It's all spooky stuff, but logically, I still think the sheep kills are by foxes and not a wild cat. Adam Hill is one of the areas where most witnesses say they've seen what they describe as the panther. If you were to believe the legend said panther would have a field day up here today!

Brilliant winter sun as viewed from White Brow.
The mist in the distance hung around all afternoon and was present in every direction around the compass.

Counting Hill seen beyond Holden's Plantation.
From White Brow I joined a semi-frozen track which lead me towards Burnt Edge and impressive views over Holden's Plantation and Holdens Farm over on the left which is where I'm heading next.

Winter Hill beyond Holden's Plantation.
I skirt around the head of the plantation then descend slightly towards the right.

Entering Holden's Plantation.
I was only here a couple of weeks ago when these very trees were in full autumnal plume.

Electricity is still brought into the plantation via wooden pole.
Not a pylon for miles!

Winter sun and bear trees.
I passed Holdens Farm before continuing along the lane towards lower Roscow's Tenement.

Ahead, lower Roscow's Tenement.
I'm heading for the low ridge above the trees over on the left which would have been accessible to cut through the woodland (lower Roscow's Tenement) but the footpath has been closed for as long as I've been coming here due to storm damage.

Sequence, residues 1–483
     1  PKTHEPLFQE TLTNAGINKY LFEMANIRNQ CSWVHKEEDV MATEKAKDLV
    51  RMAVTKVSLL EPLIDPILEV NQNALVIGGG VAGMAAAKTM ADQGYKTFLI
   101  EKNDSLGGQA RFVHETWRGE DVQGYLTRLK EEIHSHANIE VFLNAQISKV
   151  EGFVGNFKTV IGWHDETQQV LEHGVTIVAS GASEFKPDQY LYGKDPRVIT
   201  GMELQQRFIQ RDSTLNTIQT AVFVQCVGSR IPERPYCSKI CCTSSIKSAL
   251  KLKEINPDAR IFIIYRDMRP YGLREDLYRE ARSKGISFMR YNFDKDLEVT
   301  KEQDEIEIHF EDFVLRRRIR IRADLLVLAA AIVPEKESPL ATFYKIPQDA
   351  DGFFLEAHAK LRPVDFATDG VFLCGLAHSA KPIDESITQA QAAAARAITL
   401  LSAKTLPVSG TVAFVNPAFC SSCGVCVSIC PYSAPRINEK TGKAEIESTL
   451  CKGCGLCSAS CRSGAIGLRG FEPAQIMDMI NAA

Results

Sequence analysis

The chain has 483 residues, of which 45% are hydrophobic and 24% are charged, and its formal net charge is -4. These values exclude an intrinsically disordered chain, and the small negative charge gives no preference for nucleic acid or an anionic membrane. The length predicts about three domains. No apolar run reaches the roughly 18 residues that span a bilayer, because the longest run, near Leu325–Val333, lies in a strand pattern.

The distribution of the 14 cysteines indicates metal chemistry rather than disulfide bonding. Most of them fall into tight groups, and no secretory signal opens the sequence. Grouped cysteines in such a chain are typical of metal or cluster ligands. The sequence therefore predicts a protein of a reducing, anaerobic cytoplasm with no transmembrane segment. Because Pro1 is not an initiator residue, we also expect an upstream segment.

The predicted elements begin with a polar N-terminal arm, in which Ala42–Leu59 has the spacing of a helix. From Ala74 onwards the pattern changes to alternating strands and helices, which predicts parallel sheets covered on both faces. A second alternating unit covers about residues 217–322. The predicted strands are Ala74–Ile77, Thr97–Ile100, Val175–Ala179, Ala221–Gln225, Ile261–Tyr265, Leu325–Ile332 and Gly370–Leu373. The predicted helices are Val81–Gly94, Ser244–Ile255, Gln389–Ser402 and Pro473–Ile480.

Lower Roscow's Tenement.
The footpath traces off to the left but as mentioned a heavily padlocked gate prevents me from using it.

Bridge, lower Roscow's Tenement.

Passing Gilligant's Farm over on the right.
As far as posh farm houses go Gilligant's Farm ranks fairly high, what a beautiful spot.

Winter Hill from upper Roscow's Tenement.

Winter Hill over Smithills Moor.
From upper Roscow's Tenement I climbed onto the short ridge I mentioned earlier where I took in these fantastic views over Smithills Moor.

Winter Hill and Counting Hill from Dean Mills Reservoir.
The ridge leads directly onto the reservoir which was once used to power a local mill down in Barrow Bridge in years gone by, now the reservoir is popular with dog walkers and even wild swimmers.

Counting Hill and Winter Hill from Dean Mills Reservoir.
I'm heading towards the wall you see over on the right which will lead me directly onto Counting Hill summit, conditions are perfect to be on't moor.

Two for the price of one.
Reflection of a reflection.

Looking back on Dean Mills Reservoir towards Bolton and a distant Manchester sky scrapers lost in the haze.
From the reservoir I passed through a gate which had the strongest return spring so much so I only just managed to pass through before it snapped back! With that aside I'm on much favoured ground now as I head towards Counting Hill summit.

Dean Mills Reservoir from Counting Hill summit.
The summit of Counting Hill sits on a grassy mound about thirty yards away from the path, accessing the summit can be somewhat troublesome having to cross a wooden style, then cross a stone wall, pass through a ditch/sluce before the short haul through tussocky grass onto the summit. The view more than made up for the hard work.